With home in­va­sions and bur­glar­ies on the rise, you’d also bet­ter train your­self how to re­spond to them. And don’t for­get that the po­ten­tial for a deadly en­counter when in a pub­lic place, such as a restau­rant, is also quite high these days, so train­ing in how to deal with such events should be a high pri­or­ity. While great fun, shoot­ing from a car isn’t as tac­ti­cally use­ful as many be­lieve. On the other hand, un­der­stand­ing how to prop­erly use a car for cover is quite im­por­tant. A great many myths abound on this par­tic­u­lar sub­ject. If not prop­erly un­der­stood, they can be po­ten­tially deadly.

Be­cause self-de­fense sit­u­a­tions are es­sen­tially ad hoc events, al­ways train for the un­ex­pected, such as learn­ing how to shoot from im­pro­vised po­si­tions. The very mis­sion of the hand­gun is re­ac­tive, and its use is al­ways in re­sponse to an un­ex­pected at­tack. There­fore, be­ing able to re­spond to the widest va­ri­ety of con­di­tions is a smart move.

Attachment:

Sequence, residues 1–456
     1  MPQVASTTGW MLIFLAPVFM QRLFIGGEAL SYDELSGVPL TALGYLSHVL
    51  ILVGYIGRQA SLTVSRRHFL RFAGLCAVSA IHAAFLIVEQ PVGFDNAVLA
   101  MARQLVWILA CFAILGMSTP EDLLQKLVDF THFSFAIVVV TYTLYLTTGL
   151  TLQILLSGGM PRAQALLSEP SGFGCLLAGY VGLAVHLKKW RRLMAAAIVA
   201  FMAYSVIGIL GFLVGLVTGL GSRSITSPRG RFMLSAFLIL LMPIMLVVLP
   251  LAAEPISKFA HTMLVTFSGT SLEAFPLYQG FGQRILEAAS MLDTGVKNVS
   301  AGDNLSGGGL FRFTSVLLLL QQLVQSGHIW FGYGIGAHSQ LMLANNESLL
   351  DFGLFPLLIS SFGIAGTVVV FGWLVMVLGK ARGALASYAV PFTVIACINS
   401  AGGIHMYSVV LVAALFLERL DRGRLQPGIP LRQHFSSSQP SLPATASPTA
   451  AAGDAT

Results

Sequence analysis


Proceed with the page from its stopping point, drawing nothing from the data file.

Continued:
These, are some of the most dan­ger­ous myths of tac­ti­cal shoot­ing. Any one of them can get you killed, but if you’re aware of them and make the right de­ci­sions, they’re all to­tally avoid­able.

Above all, re­mem­ber to K.I.S.S.: Keep it sim­ple, stupid. Hand­gun fights are fast, fu­ri­ous and ugly, and the stresses in­volved in them will de­bil­i­tate your skill level as much as 50 per­cent— yes, 50 per­cent!

This means there is no time for fancy or com­plex tech­niques, be­cause they take too long to ex­e­cute, and their er­ror po­ten­tial is too high. So, do your­self a fa­vor and avoid them like the plague. It doesn’t mat­ter a hoot what works on pis­tol ranges.

What mat­ters is what works when the chips are down and the bul­lets fly both ways. In this sort of en­vi­ron­ment, sim­plic­ity reigns supreme. GW